Accident at an unsecured parking lot?

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Accident at an unsecured parking lot?

Recently my car was involved in an accident. I was not in the car – I was parked at the time in a public lot outside of a local restaurant. This portion of the parking lot is on 2 levels – an upper and a lower level with nothing but a 4 foot tall retaining wall between them. There was no barrier between the different levels. My car, specifically, was parked on the lower level, right next to the retaining wall. Another car was trying to turn around in the upper lot. He backed up too far, tumbled over the retaining wall, flipped over and landed upside down on top of my car. For the record, the other driver 90 years old is still in the hospital, 5 days later. The insurance claims are still being processed for both of us. The insurance company decided to total my car after receiving the initial estimate from the collision repair shop. They are still in the process of determining the settlement amount they’re willing to offer me – which may or may not be enough to pay off the balance of the loan that I still owe on the

car. Is there anything in particular I need to be aware of as I wait for the settlement offer from the insurance company? Is there any liability for the property owner, for not securing that portion of the parking lot with a barrier between the levels?

Asked on March 10, 2017 under Accident Law, Nebraska

Answers:

SJZ, Member, New York Bar / FreeAdvice Contributing Attorney

Answered 4 years ago | Contributor

1) While waiting for the settlement offer, be wary of what you say to others--as the saying goes, anything you say can be used against you.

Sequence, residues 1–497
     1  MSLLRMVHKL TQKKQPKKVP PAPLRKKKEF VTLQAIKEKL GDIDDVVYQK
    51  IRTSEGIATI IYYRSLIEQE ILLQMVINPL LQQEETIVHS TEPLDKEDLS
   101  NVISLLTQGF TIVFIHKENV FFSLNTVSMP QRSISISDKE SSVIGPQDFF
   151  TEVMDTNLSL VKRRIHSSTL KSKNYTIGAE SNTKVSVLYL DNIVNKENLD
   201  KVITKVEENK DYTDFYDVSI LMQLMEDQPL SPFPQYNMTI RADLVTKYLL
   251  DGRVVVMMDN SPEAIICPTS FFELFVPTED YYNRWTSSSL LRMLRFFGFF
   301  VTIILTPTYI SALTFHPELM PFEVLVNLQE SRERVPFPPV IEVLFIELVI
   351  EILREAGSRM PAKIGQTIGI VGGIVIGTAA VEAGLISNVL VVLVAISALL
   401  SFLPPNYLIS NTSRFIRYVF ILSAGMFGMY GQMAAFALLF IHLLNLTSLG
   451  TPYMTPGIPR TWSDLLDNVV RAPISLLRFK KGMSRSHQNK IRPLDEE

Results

2) When you get the settlement, see if you are giving up the right to sue the at-falt driver for any amounts not paid by the settlement (e.g. a deductible, or other costs you have borne but which were not covered, like renting a car); if you care about those amounts, either negotiate payment for them or make sure you can sue later, before you sign the settlement and cash the check.
3) The parking lot would only be potentially liable IF there is reason to think that it was unreasonably careless to not have a barrier between the levels. To show that, you would need to hire and get a report from (and possibly testimony from, too) an expert, such as an architech or civil engineer who designs/builds parking gargages/decks. Only armed with a credible opinion from an accredited expert, to the effect that the design was negligent, might you have a case. Since you would have to foot the bill for the expert yourself (you can't recover it in the lawsuit; this would be your cost), it may not be worthwhile doing this: you could spend the money and lose; or if you were already paid most of your potential claim by insurance, you could spend more on this than you'd get back by suing for any amounts not paid by insurance.

SJZ, Member, New York Bar / FreeAdvice Contributing Attorney

Answered 4 years ago | Contributor

1) While waiting for the settlement offer, be wary of what you say to others--as the saying goes, anything you say can be used against you.
2) When you get the settlement, see if you are giving up the right to sue the at-falt driver for any amounts not paid by the settlement (e.g. a deductible, or other costs you have borne but which were not covered, like renting a car); if you care about those amounts, either negotiate payment for them or make sure you can sue later, before you sign the settlement and cash the check.
3) The parking lot would only be potentially liable IF there is reason to think that it was unreasonably careless to not have a barrier between the levels. To show that, you would need to hire and get a report from (and possibly testimony from, too) an expert, such as an architech or civil engineer who designs/builds parking gargages/decks. Only armed with a credible opinion from an accredited expert, to the effect that the design was negligent, might you have a case. Since you would have to foot the bill for the expert yourself (you can't recover it in the lawsuit; this would be your cost), it may not be worthwhile doing this: you could spend the money and lose; or if you were already paid most of your potential claim by insurance, you could spend more on this than you'd get back by suing for any amounts not paid by insurance.


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